Authors: Linda Wood Rondeau
Tags: #Christian Books & Bibles, #Christian Living, #Holidays, #Christmas, #Literature & Fiction, #Romance, #Contemporary, #Military, #Romantic Comedy, #Religion & Spirituality, #Inspirational, #It Really is a Wonderful Life
a Wonderful Life
By Linda Wood Rondeau
IT REALLY IS A WONDERFUL LIFE BY LINDA RONDEAU
Published by Lighthouse Publishing of the Carolinas
2333 Barton Oaks Dr., Raleigh, NC, 27614
Copyright © 2012 by Linda Rondeau
Scripture taken from the HOLY BIBLE, NEW INTERNATIONAL VERSION,
Copyright 1973, 1978, 1984 by International Bible Society. Used by permission of Zondervan. All rights reserved.
Cover design by Wisdom House Book:
ebook conversion by Reality Premedia Services Pvt. Ltd.
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All rights reserved. Non-commercial interests may reproduce portions of this book without the express written permission of Lighthouse Publishing of the Carolinas, provided the text does not exceed 500 words. When reproducing text from this book, include the following credit line: “It Really IS a Wonderful Life by Linda Rondeau published by Lighthouse Publishing of the Carolinas. Used by permission.”
Library of Congress Cataloging-in-Publication Data Linda, Rondeau.
It Really IS a Wonderful Life / Linda Rondeau 1st ed.
Printed in the United States of America
Table of Contents
Dorie threw the letter and shrugged as it landed on top of the leftover peanut butter sandwiches. Maybe she should finish reading it, just in case she’d misunderstood the opening paragraph. She picked up the memo again and flicked off the residue along its edges, skimming the next few lines. When done, she subdued the urge to scream. The kids were asleep—finally.
As she read, she mouthed the words with clenched jaws. “Thank you for your interest in Bargains Galore. I am sorry to inform you that the position for which you applied has been filled… .
Blah, Blah, Blah
. Sincerely, James Paul Sullivan …”
Regardless of the perfumed words, they still stung.
“What is it with this town?” She ripped the rejection into pieces and tossed it into the trash. “I can’t even get a job at the local dollar store. Somebody, somewhere, must need a computer programmer.”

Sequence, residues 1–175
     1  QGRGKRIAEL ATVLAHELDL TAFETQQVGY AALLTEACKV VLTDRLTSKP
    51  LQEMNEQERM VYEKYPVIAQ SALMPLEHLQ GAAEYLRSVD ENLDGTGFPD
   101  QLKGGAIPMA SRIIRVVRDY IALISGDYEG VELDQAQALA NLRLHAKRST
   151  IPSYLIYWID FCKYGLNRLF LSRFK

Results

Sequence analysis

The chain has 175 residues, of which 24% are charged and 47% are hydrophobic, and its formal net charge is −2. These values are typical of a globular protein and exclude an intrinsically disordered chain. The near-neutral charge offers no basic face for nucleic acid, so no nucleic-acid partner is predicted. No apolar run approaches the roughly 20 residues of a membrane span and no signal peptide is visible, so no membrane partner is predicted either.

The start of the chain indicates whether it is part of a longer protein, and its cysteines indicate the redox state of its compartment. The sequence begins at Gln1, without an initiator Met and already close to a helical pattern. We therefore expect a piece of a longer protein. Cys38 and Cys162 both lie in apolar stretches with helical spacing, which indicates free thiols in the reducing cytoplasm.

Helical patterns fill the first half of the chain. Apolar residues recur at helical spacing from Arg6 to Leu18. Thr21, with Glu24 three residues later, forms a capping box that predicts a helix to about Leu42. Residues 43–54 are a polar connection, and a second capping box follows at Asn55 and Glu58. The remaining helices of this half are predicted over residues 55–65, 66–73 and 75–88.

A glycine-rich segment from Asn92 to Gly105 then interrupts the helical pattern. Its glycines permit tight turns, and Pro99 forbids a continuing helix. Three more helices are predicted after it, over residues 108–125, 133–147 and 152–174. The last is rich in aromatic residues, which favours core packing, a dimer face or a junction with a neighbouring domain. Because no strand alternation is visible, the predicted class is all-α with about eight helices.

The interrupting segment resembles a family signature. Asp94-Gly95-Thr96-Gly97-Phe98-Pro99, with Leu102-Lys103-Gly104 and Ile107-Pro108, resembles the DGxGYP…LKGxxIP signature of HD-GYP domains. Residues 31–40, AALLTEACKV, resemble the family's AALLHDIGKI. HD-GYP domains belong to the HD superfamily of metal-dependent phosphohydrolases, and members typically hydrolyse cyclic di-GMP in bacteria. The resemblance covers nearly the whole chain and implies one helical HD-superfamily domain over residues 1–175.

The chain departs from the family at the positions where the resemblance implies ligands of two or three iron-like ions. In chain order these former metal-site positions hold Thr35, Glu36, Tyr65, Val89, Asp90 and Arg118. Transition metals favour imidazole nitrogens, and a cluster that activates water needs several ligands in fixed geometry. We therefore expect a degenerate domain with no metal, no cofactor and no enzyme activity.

Focus on the positive, Dorie
. Mom’s voice echoed in her memory. She’d spent a great night with the children, her favorite people, a read-a-thon and
, and bedtimes with no rebuttals from Josh or squalls from Emma, all huge positives.
But when the kids went to sleep, the nights became a desert crossing, interminably long and arid. She settled into the recliner—Devon’s chair—and flipped through the television channels. Nothing of interest. Just news, reruns, or cartoons.
She clicked off the television and picked up the newspaper. With a discordant sigh, she skipped over the first seven pages and turned to the classifieds. Scanning the five employment ads, she screeched an entire sonnet of Midville condemnations, then threw the paper at the wall.
Now her tirades beamed toward her late husband. “Devon, you had no right to get yourself blown up fighting a war nobody cares about anymore. How do you expect me to raise these kids on my own when I can’t even get a job?”
Boomer’s bark brought her back from the edge of uncontrolled rage, a precipice she teetered on all too often these days. He nudged the crumpled newsprint in her direction. Some people believed Irish setters could read minds, but the last she knew, they couldn’t read newspapers. Maybe he sensed something there—something good.
A breeze from the open window stirred its pages.
She bent over to pick it up. A jelly smudge brought her attention to the announcement:
Midville Players casting call
. Who would have thought a puny town like Midville would have a drama group?